Intelligencer Journal/Lancaster New Era
In our view
Wielding arguments that flog a horse dead and stuffed since Appomattox, some Pennsylvania legislators recently asserted the state's right to nullify any new federal gun law.
Sponsors of the Right to Bear Arms Protection Act include locals Bryan Cutler, Gordon Denlinger and Dave Hickernell.
The bill would block any federal law that "attempts to register, restrict or ban the ownership or purchase of a firearm, magazine of a firearm, firearm accessory or ammunition."
It would bar any federal employee from attempting to register, ban or restrict the purchase or ownership of a gun legal in Pennsylvania.
And it would commit Pennsylvania taxpayers to paying the legal cost to defend anyone in the state who wants to run out and butt heads with the feds over guns. So much for the people who want to let you keep your own hard-earned money.
Here's hoping this is the kind of stunt politicians pull to get an obstreperous base to simmer down so the pols then can proceed to adult discussion of serious problems.
Among the proposed new federal gun regulations are a ban on certain firearms, limitations on magazine sizes and a requirement of criminal background checks on all gun sales, including private ones.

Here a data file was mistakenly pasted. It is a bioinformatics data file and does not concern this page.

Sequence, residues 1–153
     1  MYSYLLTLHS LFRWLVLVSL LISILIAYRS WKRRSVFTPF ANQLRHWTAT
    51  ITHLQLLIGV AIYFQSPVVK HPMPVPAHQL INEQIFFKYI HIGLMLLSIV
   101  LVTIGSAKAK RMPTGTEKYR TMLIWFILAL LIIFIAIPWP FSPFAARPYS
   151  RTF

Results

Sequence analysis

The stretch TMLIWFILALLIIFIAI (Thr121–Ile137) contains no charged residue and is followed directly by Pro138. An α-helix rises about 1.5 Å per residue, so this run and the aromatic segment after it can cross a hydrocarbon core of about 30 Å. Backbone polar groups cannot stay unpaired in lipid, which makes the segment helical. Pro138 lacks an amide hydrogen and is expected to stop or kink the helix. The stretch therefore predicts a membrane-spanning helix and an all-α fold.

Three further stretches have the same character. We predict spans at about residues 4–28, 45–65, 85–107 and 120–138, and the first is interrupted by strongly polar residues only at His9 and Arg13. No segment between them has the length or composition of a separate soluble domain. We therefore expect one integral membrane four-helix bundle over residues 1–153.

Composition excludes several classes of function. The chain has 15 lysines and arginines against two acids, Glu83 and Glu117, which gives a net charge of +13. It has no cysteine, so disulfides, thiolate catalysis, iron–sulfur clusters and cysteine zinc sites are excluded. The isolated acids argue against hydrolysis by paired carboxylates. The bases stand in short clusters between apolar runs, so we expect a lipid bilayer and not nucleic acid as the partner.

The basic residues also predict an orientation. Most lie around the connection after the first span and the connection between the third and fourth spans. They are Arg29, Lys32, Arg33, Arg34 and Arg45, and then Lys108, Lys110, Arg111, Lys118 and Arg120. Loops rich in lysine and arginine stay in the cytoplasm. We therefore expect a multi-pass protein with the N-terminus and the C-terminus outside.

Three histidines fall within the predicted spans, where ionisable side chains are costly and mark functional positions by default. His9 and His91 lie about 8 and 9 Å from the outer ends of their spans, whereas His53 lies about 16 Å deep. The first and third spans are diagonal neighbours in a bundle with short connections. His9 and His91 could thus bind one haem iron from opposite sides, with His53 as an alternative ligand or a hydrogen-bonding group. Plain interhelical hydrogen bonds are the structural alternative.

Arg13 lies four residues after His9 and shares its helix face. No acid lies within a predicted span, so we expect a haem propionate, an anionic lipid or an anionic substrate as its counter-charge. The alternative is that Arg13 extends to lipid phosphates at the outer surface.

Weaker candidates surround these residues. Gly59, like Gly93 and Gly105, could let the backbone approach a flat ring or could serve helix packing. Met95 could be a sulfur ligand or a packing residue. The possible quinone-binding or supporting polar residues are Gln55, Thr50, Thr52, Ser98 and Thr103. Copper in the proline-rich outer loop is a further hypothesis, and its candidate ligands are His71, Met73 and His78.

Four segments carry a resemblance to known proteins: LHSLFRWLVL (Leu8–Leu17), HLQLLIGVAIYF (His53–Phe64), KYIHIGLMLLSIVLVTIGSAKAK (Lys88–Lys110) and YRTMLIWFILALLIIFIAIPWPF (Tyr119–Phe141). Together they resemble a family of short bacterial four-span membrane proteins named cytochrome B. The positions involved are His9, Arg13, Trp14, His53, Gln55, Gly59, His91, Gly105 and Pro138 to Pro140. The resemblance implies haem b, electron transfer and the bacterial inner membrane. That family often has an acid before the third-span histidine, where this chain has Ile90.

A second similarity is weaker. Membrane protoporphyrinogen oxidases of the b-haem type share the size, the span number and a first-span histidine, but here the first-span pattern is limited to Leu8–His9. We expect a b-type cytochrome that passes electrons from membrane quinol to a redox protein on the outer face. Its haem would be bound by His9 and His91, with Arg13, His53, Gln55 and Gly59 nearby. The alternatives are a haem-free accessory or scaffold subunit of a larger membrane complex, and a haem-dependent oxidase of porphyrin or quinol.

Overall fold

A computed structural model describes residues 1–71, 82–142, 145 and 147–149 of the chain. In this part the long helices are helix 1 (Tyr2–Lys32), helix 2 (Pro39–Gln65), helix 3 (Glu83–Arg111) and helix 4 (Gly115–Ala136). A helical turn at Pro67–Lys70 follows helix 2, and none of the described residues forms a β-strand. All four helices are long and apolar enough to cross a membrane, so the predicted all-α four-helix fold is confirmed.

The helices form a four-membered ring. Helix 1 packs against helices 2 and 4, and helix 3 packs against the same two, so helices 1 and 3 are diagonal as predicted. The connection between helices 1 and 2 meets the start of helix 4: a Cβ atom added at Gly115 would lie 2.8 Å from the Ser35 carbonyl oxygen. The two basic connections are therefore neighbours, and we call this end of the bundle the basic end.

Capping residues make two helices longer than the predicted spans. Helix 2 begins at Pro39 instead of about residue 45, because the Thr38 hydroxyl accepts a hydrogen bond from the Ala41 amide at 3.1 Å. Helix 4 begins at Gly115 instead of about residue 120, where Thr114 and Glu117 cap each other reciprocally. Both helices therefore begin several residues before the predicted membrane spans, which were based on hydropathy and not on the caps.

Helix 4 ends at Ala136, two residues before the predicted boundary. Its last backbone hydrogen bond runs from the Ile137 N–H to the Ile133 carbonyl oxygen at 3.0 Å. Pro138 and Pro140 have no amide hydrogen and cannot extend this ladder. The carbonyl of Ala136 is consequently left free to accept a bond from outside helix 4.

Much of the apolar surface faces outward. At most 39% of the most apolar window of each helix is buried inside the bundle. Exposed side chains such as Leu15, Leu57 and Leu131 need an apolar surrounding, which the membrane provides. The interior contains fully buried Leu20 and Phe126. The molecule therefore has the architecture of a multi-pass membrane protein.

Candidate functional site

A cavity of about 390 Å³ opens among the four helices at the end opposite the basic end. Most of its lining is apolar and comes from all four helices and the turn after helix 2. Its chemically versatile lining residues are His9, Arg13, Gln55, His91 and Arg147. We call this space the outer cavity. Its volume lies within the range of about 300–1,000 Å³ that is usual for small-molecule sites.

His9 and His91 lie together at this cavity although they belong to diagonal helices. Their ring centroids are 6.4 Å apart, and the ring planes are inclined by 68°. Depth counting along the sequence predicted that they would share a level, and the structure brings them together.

Critics of gun control measures make points when they say such moves only heap more restrictions on law-abiding citizens while existing laws go unenforced. They can point to a long list of horrific mass shootings that would not have been prevented by anything now proposed in Washington.
But nullification is no answer. Pennsylvania used it vigorously once upon a time to thwart the federal fugitive slave laws and defy Washington. The war that ended slavery also closed that path of resistance.
It's silly season on gun issues nowadays, sadly. When celebrities such as Sylvester Stallone start weighing in publicly, the public probably would like to plug its ears.
Granted, with Stallone, they forgot to click the "adjust sharpness" button before they printed him, but even a movie actor ought to think before shooting off his mouth and recall that he owes his celebrity largely to images of himself, M60 machine gun in hand, mowing people down on screen and that he just released a movie called "Bullet to the Head."
Yet Stallone, like millions of other Americans, also sees the crux of the problem: "The biggest problem," he said, "is not so much guns. It's that the people that have done these things in the past 30 years are crazy."
Yo, Harrisburg. Guns + crazy = problem. Now do some serious work, please.
Here's hoping this is the kind of stunt politicians pull to get an obstreperous base to simmer down.